Trichoderma species are biotrophic mycoparasites, but they can turn necrotrophic. If your trichoderma turns necrotrophic, it will then kill off the harmful Fusarium, but it doesn't revert back into the biotrophic state. Once its in seek and destroy mode, your beneficials are also at risk.

https://en.m.wikipedia.org/wiki/Mycoparasitism   However, in some combinations, the parasite may live during its early development as a biotroph, then kill its host and act more like destructive mycoparasites in late stages of parasitism.

Kelp and Algae are similar in that they both grow in water. Kelp is a plant, Algae is a eukaryotic organism. The ability for these organisms to tie up nitrates in the medium is where I'm getting at. This could never work well in a living system, that is re-used. If you throwing the soil away, then the algae wouldn't have enough time to fully engulf the the root system, eventually suffocating the roots of air. 

Chelating agents are usually the missing links when a certain amino acid chain is waiting for its other piece of the puzzle to form complete proteins. For example an iron chelate, is Iron that can be taken up by the plant directly because the iron molecule is held together by a claw like structure made of EDTA, i'm sure everyone has seen this. Ethylenediaminetetraacetic acid. a white, water soluble solid. 

I like to use Humic and Fulvic acid, they work very well. But without a viable sugar source dosed properly, they just don't work as well. So now I maintain bacterial populations in the soil with molasses, different types of molasses as the ingredients can vary, but not much that it makes a huge difference, still experimenting somewhat. I do not focus on fungal growth as the soil food web works in succession. Obviously doing all initial inoculations of specific species.

Then the standard pie chart depicting the best make-up for a soil will show you Organic Matter in the soil should be 5%. Some cannabis growers utilizing living mediums get 9/10%, I have never heard of 20%. The problem with high organic matter in the soil is the potassium that comes along with it, hence the reason why many soil engineers veer away from the typical 1/3:1/3:1/3 mix and opt for less Wormcast/compost. Its a balancing act. 

We think we maybe be doing the system good by adding this and adding that, and then dumbstruck when plants in the garden or on the side of the street grow better.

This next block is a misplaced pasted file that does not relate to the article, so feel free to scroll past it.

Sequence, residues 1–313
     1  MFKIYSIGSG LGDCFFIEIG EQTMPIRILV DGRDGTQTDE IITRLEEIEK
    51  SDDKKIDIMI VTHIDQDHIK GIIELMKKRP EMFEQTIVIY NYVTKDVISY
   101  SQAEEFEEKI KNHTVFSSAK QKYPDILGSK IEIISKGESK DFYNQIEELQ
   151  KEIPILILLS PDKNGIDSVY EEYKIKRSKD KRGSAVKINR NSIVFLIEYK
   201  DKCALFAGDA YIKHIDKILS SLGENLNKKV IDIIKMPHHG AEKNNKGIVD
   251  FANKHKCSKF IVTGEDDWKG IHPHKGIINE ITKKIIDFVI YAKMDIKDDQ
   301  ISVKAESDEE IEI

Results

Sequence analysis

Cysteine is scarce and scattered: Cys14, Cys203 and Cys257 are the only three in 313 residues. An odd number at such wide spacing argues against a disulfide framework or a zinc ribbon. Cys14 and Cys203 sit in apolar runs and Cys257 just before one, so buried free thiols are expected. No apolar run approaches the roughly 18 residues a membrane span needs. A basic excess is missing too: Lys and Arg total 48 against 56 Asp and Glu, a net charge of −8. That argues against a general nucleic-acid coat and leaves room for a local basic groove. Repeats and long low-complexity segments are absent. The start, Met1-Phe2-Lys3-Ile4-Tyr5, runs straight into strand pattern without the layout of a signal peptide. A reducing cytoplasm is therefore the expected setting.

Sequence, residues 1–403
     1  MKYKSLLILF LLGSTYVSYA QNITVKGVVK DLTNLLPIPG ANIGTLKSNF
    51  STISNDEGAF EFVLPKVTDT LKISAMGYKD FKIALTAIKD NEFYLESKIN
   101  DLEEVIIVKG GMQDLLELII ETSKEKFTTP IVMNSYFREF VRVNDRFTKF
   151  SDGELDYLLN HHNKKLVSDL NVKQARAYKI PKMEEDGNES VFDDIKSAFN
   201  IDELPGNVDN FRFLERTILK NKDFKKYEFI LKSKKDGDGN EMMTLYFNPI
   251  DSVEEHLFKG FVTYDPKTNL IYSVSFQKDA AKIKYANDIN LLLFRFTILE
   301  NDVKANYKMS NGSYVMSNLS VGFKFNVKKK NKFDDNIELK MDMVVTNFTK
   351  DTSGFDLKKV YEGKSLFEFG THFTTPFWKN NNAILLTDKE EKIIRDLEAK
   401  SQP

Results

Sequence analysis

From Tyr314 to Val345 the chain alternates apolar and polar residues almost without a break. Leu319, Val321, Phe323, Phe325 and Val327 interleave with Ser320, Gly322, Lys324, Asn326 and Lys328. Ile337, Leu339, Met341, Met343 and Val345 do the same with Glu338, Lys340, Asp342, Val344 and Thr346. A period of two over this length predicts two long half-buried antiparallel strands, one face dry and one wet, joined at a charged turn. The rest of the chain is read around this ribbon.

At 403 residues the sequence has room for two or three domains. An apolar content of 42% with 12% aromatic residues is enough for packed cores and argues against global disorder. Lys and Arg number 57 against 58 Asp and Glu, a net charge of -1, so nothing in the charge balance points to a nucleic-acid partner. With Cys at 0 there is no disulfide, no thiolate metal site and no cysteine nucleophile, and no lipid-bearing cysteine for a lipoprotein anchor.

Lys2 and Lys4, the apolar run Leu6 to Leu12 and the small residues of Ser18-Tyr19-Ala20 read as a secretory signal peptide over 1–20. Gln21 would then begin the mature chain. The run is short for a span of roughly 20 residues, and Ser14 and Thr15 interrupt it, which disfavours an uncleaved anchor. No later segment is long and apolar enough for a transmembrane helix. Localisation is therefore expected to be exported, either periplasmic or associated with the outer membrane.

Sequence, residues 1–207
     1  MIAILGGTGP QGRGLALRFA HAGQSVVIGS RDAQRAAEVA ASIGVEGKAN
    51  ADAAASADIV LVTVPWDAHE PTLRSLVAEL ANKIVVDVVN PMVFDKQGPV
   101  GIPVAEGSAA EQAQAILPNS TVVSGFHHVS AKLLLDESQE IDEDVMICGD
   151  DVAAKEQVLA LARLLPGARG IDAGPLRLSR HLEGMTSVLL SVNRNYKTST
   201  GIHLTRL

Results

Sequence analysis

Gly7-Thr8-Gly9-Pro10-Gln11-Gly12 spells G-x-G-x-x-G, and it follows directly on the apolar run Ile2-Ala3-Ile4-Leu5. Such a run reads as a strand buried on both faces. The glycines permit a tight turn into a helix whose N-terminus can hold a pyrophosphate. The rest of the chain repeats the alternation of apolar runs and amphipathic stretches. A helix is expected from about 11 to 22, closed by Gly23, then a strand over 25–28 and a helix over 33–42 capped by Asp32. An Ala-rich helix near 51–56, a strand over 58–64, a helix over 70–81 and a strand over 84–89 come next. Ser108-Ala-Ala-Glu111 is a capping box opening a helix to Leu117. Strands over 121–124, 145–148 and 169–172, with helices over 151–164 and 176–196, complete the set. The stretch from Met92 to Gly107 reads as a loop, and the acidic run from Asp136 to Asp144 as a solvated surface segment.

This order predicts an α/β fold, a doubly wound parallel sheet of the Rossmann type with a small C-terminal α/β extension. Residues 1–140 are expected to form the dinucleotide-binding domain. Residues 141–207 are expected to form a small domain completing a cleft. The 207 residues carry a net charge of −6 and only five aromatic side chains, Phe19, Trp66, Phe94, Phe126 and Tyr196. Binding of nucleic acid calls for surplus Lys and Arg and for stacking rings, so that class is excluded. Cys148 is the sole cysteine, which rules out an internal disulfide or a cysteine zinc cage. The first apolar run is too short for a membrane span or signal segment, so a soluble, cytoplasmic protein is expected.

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You should always look at who funded the research. There is allot of money to be lost in this business of fertilizer. 

The only thing I will say is that plants evolve along side the microbes and both play there part in this symbiotic relationship. Why fuck with nature?

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  • 1 month later...

I have been experimenting with all sorts of so called organic products in my salts and coco grows and they do work and don't seemed to be bothered by salt nutes. That is one of my secrets but I guess it's out the bag now

On a more serious note, there are dwc systems that have an upper section to hold soil in order to achieve a hybrid synthetic /organic grow.

Comparing organic nutes to salt nutes is like comparing eating whole foods compared to a meal replacement. They both do the same thing but one can be taken more frequently to achieve better results(pure mass at flower) .

Sent from my SM-A715F using Tapatalk





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  • 2 weeks later...
On 9/2/2021 at 3:05 PM, PsyCLown said:

Organic is one thing.

 

Salt nutes, microbes, fungi etc are separate.

I don't know if I'm misunderstanding the context here but, I would have to disagree with this. Organics, microbes and fungi go hand in hand, if you are looking to achieve the best results in a completely organic / no till garden. 

 

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On 7/27/2021 at 2:39 PM, CreX said: